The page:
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The Best Ways to Stay Safe with Knives

Knives are inherently dangerous, so learning how to handle them properly is essential to becoming a better cook.

By George Steckel
Jun 22, 2021
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We’ve all been there—you’re preparing dinner, and as you go to cut your ingredient, the knife slips, and that sharp blade nicks you on the hand. You have to stop everything you’re doing, wash your cut, and then you have to prepare the rest of your meal hindered and injured.

While avoiding kitchen accidents may not be 100% foolproof (accidents always happen), you'll still feel safe and comfortable when wielding a kitchen knife with these 7 knife safety tips.

Start With the Right Knives

Before we dive into knife safety tips, it is important to make sure you have the right knives. First, having an assortment is critical to making precise cuts. A Chef’s Knife, a vegetable knife like a Santoku or Nakiri, a Bread Knife, and a Paring Knife are essentials.

Fully forged and full tang knives are ideal, as they are incredibly durable and strong. They are forged from one piece of high-quality steel, resulting in an extraordinarily balanced and comfortable feel. Knowing how to hold a chef knife, or any other type of kitchen knife, is also important when considering safety.

Keep Your Knives Sharp

You’ve most likely heard the saying, “a dull knife is a dangerous knife,” and that statement is true and a wise one to live by when handling kitchen knives. If you have a dull blade, it will not make that initial cut. The blade may slip away and lose control. This immediately puts your hand and any other things in your cutting path in danger, and underlines the importance of keeping your knife sharpened.

Use the Right Technique

How you hold your knife when cutting is an important step to ensure optimal safety. We recommend the "claw clip."

When cutting and prepping ingredients, use your non-cutting hand to grip the ingredient with a claw. That means bending the top third of your fingers and either resting your nails on the food or the whole top third on the food, allowing your middle third of the finger to create a wall.

This wall can guide the sharp knife, as long as when you are slicing, the bottom of the blade doesn’t come above that part of the finger. If you’re new to cutting and slicing ingredients, then go slowly, and work your way up to a speed where you are comfortable.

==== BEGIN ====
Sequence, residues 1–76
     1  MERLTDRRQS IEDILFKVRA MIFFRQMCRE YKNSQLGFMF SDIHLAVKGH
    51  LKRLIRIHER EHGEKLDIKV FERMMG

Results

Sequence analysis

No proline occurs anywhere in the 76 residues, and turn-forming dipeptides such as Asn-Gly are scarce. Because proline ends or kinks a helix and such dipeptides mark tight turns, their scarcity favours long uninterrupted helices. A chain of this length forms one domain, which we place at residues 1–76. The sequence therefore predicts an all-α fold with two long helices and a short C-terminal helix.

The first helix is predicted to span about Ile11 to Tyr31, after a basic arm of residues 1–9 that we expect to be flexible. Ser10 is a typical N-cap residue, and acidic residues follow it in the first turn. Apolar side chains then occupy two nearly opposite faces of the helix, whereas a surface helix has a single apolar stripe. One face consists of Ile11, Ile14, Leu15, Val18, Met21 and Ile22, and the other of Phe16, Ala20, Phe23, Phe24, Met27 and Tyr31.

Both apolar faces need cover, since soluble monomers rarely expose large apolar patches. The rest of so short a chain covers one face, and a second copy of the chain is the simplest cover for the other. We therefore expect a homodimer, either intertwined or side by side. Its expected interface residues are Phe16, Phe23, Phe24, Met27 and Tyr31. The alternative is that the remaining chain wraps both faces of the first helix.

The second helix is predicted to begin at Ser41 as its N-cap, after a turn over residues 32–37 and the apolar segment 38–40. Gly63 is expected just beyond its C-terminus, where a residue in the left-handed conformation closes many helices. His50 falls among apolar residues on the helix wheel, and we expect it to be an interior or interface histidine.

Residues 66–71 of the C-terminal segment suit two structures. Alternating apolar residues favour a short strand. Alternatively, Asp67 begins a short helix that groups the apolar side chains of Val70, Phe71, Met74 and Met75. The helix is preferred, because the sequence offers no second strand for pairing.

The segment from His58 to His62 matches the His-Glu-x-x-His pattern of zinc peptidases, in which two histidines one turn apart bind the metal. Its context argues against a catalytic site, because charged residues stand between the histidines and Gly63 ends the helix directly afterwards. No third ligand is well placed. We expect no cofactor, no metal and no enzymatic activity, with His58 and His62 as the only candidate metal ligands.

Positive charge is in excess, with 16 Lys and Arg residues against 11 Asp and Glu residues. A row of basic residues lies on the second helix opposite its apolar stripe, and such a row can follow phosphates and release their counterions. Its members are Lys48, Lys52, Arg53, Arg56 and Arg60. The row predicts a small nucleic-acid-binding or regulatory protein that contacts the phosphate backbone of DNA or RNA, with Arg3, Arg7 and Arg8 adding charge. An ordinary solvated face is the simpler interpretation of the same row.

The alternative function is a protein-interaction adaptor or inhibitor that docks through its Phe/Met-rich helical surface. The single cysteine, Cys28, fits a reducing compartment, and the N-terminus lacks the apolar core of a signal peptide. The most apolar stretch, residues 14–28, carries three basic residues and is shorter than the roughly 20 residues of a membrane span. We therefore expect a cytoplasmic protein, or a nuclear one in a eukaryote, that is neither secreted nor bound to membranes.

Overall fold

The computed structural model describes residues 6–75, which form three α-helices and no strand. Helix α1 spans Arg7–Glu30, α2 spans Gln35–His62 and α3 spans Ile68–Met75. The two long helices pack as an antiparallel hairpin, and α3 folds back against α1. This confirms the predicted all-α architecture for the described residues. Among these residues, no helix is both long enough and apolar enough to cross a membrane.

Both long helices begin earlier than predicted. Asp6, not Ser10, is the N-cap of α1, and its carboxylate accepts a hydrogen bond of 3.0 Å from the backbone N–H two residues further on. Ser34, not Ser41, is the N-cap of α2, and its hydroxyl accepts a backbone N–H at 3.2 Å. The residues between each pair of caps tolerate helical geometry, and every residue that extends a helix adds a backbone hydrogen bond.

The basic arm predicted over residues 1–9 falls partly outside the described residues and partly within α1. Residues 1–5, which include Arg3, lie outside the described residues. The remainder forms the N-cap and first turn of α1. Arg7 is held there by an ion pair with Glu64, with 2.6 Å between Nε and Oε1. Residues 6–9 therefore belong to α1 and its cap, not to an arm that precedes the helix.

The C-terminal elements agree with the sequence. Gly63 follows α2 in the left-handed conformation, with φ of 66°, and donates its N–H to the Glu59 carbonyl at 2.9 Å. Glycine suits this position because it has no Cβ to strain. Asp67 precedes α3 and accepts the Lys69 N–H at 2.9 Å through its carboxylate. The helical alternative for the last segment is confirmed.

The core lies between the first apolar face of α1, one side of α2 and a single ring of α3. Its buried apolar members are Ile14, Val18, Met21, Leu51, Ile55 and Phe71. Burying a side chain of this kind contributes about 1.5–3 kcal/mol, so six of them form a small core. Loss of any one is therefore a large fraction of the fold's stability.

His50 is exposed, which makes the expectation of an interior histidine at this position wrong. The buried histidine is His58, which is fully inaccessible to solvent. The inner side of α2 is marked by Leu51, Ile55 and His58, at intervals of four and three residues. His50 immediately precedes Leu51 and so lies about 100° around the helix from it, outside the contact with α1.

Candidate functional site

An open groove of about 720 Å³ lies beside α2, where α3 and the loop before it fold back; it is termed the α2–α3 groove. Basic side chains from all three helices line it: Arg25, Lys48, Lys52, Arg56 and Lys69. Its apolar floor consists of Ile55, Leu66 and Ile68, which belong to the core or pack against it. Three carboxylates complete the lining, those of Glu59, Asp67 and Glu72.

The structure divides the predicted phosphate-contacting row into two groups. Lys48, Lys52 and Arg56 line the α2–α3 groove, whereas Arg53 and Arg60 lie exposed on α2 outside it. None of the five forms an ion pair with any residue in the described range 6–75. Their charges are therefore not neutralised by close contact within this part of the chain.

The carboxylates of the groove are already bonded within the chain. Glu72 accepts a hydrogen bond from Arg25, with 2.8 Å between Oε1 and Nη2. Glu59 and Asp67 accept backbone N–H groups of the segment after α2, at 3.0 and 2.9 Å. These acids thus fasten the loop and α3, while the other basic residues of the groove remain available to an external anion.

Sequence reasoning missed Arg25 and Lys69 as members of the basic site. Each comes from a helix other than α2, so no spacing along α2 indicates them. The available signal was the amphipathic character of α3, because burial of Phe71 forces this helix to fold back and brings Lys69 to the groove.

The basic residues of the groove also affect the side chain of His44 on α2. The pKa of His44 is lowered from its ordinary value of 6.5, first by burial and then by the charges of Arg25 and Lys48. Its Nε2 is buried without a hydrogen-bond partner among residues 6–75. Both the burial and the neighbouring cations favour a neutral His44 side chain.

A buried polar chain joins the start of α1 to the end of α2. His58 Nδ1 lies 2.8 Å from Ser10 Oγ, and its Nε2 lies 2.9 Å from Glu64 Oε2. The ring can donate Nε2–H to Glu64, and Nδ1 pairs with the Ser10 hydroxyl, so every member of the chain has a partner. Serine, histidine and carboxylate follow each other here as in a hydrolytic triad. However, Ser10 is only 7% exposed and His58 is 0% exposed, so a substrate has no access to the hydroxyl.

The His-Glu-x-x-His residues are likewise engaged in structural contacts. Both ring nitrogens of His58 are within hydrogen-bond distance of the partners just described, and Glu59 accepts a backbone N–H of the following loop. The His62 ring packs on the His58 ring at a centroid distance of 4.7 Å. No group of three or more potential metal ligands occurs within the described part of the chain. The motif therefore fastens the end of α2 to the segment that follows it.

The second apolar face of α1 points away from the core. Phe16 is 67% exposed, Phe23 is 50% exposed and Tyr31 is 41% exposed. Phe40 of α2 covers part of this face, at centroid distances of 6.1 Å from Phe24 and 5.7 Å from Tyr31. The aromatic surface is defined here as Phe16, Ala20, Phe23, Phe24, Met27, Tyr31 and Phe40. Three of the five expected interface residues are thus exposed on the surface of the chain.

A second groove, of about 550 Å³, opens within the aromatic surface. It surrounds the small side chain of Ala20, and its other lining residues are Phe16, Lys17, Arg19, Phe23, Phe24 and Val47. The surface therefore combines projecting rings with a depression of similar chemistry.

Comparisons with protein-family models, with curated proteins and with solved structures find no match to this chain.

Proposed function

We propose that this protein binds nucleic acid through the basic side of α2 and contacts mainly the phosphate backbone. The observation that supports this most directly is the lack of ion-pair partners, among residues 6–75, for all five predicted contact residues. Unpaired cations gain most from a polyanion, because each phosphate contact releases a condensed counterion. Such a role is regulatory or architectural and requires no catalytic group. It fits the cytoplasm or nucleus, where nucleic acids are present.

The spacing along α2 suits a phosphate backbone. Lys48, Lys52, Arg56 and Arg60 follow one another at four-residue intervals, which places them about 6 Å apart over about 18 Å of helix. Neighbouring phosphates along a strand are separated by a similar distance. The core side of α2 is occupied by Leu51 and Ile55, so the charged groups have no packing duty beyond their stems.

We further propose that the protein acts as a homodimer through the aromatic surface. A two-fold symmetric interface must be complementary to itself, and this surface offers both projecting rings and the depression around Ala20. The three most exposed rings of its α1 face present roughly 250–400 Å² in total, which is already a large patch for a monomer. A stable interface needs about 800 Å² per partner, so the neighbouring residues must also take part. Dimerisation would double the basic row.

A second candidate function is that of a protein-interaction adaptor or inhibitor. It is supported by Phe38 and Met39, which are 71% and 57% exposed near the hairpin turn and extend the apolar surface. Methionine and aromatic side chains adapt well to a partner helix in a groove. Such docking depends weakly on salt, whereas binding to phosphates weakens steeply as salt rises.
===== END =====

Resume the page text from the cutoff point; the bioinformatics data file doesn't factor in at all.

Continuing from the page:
Keep Your Cutting Space Clear

Another safety tip is to work with a clean cutting board and cutting area. If you have a bunch of ingredients, a wine glass, and some containers on your work surface, a slip of a kitchen knife can cause quite a disaster. You should only keep the ingredient you’re slicing on the cutting board.

We recommend utilizing Sheet Pans. Having one sheet pan with your ingredients and another sheet pan to hold the ingredients you’ve prepped is a great way to keep your kitchen organized, clean, and most importantly, protect you from any accidents.

Choose the Right Knife for the Right Job

There’s a reason there are many different types of kitchen knives. Each knife has a unique purpose and excels at cutting different ingredients. Based on the length, blade shape, and makeup, you should avoid using some knives with specific ingredients.

  • Serrated Knives, or Bread Knives: these are perfect for ingredients with soft insides and delicate or crust exteriors, like tomatoes or breads. Because of its serrated edge, it’s also one of the best knives for cutting meat. The blade’s teeth can latch onto the surface and create that initial cut cleanly without ruining the interior. When cutting with a bread knife, you want to move the blade back and forth, similar to how you would use a saw (let’s face it, a bread knife is just a miniature saw). Therefore, you wouldn’t want to use a bread knife when cutting onions, slicing carrots, or mincing garlic.

  • Chef Knife, Santoku Knife, or Nakiri Knife: these are an excellent choice for most ingredients, but the smaller, more nimble cuts should be done by paring knife. For example, if you’re cutting strawberries, slicing grapes, or working with oddly shaped ingredients, using a paring knife will give you more control. 

Dry Your Produce and Ingredients

This knife safety tip might be overlooked, but it is definitely important. It really only pertains to produce since that’s the only ingredient you would be washing before using.

Fruits and vegetables can be slippery, especially when they are still wet. Making sure all your produce is dry before you cut into them is a fantastic way to prevent any knife accidents. Moisture can cause your knife to slip, which is never a good thing, so make sure to take the extra 30-45 seconds to dry all of your ingredients with a clean towel.

Cut on the Right Surface

Using a cutting board is extremely important when using a knife, as it will keep the blade’s sharpness intact. We know it’s convenient to just cut an apple on your countertop, but this will dull your knife’s edge and can ruin your countertop.

Small kitchen tasks like hulling strawberries, trimming green beans, or peeling fruits and vegetables can be completed with the ingredient in one hand and the knife blade in the other. If you feel comfortable performing this task, then go ahead! Just make sure to be aware of your hand and finger placement.

Overall, your safety in the kitchen is the most important. Make sure you’re confident in handling each and every knife from your knife set to avoid any major accidents. Once you do, you’ll be able to slice and dice just about anything.

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